Thornberry, Cornyn Introduce Bills to Resolve Red River Land Dis - Newschannel 6 Now | Wichita Falls, TX

Thornberry, Cornyn Introduce Bills to Resolve Red River Land Dispute

WASHINGTON - U.S. Congressman Mac Thornberry (R-Clarendon) and U.S. Sen. John Cornyn (R-TX) introduced legislation today in the U.S. House and Senate, H.R. 2130 and S. 1153 respectively, to protect private property rights along the Red River from federal ownership claims. By providing legal certainty to landowners, the Red River Private Property Protection Act seeks to end questions about the federal government's ownership of disputed land along the Red River. 

"Private landowners deserve absolute clarity from the Bureau of Land Management (BLM) and a fair resolution to this issue. Until that happens, we will not let up in our efforts to assure landowners that their private property rights along the Red River will be protected," Thornberry said. "Our bills should be a signal that Republicans in the House and Senate will continue to fight the federal government's intrusion into people's private property. This type of overreach seems to be happening more often, but we will fight it every step of the way." 

Many landowners and other public officials are alarmed that BLM actions might result in disputed claims of ownership. Since concern first arose in December 2013, Thornberry's and Cornyn's offices have held multiple meetings, phone calls, and other correspondence with landowners, as well as local and state officials, to coordinate action. The legislation they introduced this week has been adjusted from the bill they introduced in the last session of Congress. The new legislation reflects the input they received by listening to landowners, the Texas General Land Office, and many others.

"Many of these affected Texans have owned land along the Red River for generations, but are now caught up in the confusion and clouded titles due to the BLM's claims. This commonsense legislation establishes a process to resolve the uncertainty, and protects these taxpayers' property rights from improper federal claims," Cornyn said.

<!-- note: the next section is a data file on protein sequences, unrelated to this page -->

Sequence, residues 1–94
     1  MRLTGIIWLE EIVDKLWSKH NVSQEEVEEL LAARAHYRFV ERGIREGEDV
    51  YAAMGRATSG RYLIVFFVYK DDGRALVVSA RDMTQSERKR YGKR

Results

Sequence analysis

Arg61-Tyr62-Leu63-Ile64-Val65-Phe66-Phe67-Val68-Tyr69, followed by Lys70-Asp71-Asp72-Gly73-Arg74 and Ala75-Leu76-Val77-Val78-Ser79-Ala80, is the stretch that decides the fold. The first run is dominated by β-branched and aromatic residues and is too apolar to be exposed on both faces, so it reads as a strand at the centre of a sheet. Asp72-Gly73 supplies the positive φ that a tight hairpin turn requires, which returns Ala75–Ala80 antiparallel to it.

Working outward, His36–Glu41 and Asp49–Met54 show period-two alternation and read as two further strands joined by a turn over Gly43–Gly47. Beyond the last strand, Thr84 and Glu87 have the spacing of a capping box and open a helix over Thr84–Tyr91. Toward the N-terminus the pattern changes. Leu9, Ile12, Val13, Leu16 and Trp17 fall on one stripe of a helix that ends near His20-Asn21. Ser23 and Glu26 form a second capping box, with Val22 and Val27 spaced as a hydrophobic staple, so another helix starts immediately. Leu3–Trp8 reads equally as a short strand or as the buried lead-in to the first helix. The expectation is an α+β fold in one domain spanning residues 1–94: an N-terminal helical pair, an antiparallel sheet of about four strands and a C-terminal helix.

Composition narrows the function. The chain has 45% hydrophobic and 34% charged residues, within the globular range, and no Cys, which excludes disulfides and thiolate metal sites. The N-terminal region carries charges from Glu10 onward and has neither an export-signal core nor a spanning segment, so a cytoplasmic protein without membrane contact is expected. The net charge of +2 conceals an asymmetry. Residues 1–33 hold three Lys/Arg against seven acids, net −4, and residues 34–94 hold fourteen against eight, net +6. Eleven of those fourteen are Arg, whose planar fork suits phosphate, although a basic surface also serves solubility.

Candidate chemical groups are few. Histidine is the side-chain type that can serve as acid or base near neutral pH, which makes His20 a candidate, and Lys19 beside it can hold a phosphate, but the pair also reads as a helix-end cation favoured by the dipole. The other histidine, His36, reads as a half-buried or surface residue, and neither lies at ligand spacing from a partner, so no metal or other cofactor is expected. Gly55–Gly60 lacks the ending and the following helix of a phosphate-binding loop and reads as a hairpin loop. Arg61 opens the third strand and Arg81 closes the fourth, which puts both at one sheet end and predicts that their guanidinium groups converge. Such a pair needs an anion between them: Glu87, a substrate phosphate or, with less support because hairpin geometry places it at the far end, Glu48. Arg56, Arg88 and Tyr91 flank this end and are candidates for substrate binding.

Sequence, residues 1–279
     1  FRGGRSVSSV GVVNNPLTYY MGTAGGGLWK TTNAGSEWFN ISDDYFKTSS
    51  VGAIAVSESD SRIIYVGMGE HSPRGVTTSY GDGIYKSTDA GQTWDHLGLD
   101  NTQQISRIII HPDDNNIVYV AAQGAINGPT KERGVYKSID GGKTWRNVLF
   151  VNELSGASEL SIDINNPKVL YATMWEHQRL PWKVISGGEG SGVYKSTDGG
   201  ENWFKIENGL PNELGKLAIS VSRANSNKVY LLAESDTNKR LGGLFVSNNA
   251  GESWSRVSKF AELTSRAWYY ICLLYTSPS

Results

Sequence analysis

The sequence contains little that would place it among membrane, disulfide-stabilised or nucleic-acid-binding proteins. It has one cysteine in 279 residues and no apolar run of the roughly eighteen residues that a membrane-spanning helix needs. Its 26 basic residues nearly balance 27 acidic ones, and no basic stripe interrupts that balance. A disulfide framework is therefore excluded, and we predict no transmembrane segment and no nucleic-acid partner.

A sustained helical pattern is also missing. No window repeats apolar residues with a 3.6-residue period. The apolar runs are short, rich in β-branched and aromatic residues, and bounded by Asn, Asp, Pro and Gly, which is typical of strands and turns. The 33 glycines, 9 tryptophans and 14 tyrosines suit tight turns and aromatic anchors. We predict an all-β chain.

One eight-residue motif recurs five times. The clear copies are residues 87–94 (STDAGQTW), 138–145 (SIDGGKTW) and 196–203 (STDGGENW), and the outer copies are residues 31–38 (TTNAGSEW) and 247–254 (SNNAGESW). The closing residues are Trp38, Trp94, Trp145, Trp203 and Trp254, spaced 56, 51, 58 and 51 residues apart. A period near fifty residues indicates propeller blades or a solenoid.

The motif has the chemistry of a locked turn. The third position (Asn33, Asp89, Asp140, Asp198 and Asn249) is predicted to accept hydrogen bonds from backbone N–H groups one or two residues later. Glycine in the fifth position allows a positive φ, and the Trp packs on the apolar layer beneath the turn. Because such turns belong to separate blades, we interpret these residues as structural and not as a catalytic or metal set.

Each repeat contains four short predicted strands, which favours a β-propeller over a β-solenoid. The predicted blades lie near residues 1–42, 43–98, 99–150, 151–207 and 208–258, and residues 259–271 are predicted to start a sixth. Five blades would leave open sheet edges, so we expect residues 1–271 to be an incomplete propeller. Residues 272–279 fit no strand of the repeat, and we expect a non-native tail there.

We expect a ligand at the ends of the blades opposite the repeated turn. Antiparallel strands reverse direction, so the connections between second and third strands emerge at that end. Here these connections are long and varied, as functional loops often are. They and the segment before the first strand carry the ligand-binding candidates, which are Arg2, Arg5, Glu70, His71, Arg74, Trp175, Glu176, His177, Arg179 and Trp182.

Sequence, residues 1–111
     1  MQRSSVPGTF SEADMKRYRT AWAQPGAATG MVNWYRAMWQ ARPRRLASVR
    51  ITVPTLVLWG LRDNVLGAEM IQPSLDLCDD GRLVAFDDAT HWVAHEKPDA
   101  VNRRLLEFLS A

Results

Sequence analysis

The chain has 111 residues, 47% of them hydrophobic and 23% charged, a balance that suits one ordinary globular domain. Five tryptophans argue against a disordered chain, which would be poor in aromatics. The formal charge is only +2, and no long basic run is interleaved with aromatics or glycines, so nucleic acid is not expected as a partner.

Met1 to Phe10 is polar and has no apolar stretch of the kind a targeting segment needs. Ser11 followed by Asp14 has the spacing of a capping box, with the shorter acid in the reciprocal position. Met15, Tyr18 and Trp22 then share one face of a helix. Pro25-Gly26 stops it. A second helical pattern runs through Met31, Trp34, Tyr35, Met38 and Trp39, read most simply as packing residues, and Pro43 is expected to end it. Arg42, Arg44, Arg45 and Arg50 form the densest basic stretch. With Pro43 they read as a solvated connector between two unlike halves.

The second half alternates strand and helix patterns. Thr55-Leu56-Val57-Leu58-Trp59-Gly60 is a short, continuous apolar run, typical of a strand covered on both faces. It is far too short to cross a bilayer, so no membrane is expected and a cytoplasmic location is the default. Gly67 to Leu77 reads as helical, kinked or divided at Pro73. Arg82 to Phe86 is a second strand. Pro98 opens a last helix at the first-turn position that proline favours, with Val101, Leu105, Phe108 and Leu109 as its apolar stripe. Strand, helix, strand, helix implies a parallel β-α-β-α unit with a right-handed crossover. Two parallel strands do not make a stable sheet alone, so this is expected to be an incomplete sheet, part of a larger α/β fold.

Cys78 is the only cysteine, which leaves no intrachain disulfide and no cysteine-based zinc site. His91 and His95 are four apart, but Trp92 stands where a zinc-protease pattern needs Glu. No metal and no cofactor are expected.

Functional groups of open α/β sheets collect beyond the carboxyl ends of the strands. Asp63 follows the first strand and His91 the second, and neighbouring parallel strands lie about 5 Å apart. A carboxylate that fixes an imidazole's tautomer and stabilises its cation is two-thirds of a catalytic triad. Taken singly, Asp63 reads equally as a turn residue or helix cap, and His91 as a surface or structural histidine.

Thornberry and Cornyn have been pressing the case with BLM locally and with the agency's leadership in Washington. In 2013, the agency said there are thousands of acres along the Red River on the border between Texas and Oklahoma that may be considered public domain. The stretch of land is located in Wilbarger, Wichita, and Clay counties.

"Strong property rights are a cornerstone of our most basic freedoms. Unfortunately, BLM continues to seek control of privately-owned lands along the Red River. We must protect landowners from federal overreach, and I am proud to once again join Sen. Cornyn and Congressman Thornberry in introducing legislation that will prevent the federal government from unlawfully encroaching upon private property rights," Sen. Cruz said.

Original cosponsors of the bills include: Sen. Cruz, Reps. Carter, McCaul, and Gohmert.

The legislation will provide legal certainty to property owners along the Red River by:

• Commissioning a survey of the entire 116-mile stretch of contested area along the Red River using the gradient boundary survey method developed and backed by the Supreme Court to find the proper boundary between Texas and Oklahoma.  

• Ordering that the survey be conducted by Licensed State Land Surveyors chosen by the Texas General Land Office, and the final survey must ultimately be approved by the State.

• Allowing landowners who hold the proper right, title, and/or interest in the contested area to appeal any further public domain claims by BLM through an Administrative Law Judge.

• Preventing any contested land from being included in the Resource Management Plan until the survey is complete and private land is no longer subject to an appeal.

• Requiring BLM to sell off the surface rights of the remaining publicly owned land at fair market value after the proper boundary line is located and settled. The bill also explicitly states that the interest of the states and the sovereignty rights of the federally recognized Indian tribes north of the Texas State boundary line will not be affected.
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